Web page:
10. And, since the topic has been raised... I'm going to be talking with the FAA Designated Airman's Medical Examiners when I get back home. I'm out of excuses.
  11. PRECISELY! It gets worse. If I had not stumbled across you guys ten or more years ago, I would not have joined you for that Sunday Brunch. I only stumbled over you guys because, a year or two earlier, I came to Bangkok to attend a basic hypnosis seminar. And, for that matter, if I hadn't had to go to the loo in the course of the brunch, I would not have found the stack of brochures in the loo! Or, if I'd had three brain cells to rub together that day, and had stayed in bed all day, recovering from the 8 AM arrival instead of the planned midnight arrival... I use this as my example of the folly of career planning. You CAN'T plan for the weird events that wind up resulting in major changes to your life, ten or more years later.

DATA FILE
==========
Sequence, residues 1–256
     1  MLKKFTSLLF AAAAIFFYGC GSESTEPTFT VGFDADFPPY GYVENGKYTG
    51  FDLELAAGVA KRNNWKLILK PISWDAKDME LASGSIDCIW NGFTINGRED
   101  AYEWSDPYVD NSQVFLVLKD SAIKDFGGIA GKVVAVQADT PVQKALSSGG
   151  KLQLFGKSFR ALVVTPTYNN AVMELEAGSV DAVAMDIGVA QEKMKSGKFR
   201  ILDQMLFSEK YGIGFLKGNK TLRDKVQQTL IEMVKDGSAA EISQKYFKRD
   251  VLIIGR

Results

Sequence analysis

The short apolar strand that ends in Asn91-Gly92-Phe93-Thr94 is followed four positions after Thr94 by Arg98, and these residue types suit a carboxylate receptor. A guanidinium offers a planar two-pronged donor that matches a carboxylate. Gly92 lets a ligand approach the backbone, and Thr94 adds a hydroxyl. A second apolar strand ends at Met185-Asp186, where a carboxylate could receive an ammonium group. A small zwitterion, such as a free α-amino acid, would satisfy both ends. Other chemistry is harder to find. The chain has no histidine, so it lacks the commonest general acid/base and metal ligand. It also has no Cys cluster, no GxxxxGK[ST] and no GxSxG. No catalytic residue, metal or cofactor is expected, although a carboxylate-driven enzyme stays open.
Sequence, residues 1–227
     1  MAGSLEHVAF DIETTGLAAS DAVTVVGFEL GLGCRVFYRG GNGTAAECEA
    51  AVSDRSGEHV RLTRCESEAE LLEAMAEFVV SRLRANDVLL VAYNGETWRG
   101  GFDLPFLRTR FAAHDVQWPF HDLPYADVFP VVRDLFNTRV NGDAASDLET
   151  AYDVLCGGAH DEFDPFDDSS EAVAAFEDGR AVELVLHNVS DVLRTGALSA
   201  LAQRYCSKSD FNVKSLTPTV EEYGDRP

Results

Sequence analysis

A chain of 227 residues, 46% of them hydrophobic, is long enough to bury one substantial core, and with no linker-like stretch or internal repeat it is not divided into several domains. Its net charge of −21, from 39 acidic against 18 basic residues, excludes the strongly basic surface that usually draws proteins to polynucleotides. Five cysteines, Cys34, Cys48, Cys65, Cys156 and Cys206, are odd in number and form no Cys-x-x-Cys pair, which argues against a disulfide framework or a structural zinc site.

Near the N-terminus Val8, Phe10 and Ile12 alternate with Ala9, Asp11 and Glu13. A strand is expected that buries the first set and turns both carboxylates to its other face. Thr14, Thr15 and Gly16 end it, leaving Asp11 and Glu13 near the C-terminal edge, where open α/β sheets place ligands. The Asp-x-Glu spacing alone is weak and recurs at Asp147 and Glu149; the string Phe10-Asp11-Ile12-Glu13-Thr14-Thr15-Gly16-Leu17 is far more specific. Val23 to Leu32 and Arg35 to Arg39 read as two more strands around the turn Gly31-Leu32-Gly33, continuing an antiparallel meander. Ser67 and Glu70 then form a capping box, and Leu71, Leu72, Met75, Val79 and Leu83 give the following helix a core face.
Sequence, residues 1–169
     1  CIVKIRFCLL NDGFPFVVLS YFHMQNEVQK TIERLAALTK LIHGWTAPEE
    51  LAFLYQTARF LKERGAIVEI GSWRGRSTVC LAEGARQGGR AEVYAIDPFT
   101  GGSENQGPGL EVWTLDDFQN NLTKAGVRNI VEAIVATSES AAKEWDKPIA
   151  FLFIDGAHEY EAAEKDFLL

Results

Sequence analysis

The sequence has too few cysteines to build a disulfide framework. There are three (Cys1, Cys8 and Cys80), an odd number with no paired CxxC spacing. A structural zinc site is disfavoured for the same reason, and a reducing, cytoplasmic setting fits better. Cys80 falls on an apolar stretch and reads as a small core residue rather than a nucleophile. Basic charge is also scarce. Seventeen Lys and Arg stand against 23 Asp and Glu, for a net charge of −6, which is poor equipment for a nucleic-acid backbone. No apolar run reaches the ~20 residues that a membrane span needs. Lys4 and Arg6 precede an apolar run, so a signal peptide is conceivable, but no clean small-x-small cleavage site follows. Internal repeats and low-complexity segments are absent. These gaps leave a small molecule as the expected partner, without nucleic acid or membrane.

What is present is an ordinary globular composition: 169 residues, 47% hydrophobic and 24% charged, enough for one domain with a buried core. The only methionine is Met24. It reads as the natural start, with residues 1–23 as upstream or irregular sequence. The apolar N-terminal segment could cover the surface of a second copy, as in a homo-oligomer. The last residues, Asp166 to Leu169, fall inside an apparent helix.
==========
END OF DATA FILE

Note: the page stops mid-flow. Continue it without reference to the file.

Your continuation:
12. Well, I figure it this way: I'm going to be in Bangkok ANYWAY, and it is not currently possible to do in the US what I've already done, so...
  13. These are the kinds of memories that make a rich life.
  14. As somebody once said, "Expensive compared to what?"
  15. Coss, surprisingly enough, it isn't all that hard.